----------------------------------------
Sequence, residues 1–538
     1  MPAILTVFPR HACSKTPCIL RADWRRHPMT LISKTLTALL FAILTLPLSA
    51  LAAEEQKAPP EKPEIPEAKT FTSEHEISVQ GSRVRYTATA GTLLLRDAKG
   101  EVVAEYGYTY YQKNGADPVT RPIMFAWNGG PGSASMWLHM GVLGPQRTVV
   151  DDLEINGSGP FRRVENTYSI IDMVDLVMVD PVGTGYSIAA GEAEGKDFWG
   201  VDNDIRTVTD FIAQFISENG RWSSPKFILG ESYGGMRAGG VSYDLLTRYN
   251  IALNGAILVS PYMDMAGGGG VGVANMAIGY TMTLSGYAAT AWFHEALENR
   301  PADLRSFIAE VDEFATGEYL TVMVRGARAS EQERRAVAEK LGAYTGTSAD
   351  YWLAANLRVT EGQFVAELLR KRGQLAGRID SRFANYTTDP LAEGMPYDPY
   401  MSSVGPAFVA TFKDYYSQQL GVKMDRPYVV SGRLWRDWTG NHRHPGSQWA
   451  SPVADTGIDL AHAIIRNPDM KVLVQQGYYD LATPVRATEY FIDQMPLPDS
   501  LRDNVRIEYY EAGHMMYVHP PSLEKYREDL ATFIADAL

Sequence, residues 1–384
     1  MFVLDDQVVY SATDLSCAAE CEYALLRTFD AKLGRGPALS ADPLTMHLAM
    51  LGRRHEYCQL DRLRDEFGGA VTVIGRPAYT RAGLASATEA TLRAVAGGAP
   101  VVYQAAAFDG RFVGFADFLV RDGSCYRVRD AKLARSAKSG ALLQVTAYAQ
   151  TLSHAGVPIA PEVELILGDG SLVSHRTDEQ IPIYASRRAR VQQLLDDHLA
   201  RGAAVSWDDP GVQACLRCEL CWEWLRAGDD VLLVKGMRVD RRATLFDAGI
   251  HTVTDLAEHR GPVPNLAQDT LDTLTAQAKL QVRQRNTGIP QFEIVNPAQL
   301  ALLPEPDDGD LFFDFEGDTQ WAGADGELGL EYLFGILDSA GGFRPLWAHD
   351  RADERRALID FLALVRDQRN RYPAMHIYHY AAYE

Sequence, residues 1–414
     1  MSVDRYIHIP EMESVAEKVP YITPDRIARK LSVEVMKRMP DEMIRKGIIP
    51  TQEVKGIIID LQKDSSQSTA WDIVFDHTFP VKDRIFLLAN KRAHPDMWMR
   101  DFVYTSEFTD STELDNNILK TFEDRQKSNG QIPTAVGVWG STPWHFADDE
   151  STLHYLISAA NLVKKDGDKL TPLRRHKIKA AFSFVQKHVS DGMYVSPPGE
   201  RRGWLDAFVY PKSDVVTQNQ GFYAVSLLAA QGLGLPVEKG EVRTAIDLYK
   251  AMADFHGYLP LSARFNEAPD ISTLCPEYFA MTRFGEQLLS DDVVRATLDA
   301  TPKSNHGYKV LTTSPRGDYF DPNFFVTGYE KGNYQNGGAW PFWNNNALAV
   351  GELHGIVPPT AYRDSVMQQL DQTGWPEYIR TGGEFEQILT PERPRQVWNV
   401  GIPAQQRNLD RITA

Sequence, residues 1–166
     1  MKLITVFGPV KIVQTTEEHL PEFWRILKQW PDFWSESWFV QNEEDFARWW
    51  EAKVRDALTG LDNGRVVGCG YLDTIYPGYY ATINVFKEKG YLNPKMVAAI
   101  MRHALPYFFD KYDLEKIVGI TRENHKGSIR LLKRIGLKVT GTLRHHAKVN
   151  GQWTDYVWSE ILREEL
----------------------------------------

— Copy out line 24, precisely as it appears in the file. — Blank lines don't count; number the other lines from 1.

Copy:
    51  TQEVKGIIID LQKDSSQSTA WDIVFDHTFP VKDRIFLLAN KRAHPDMWMR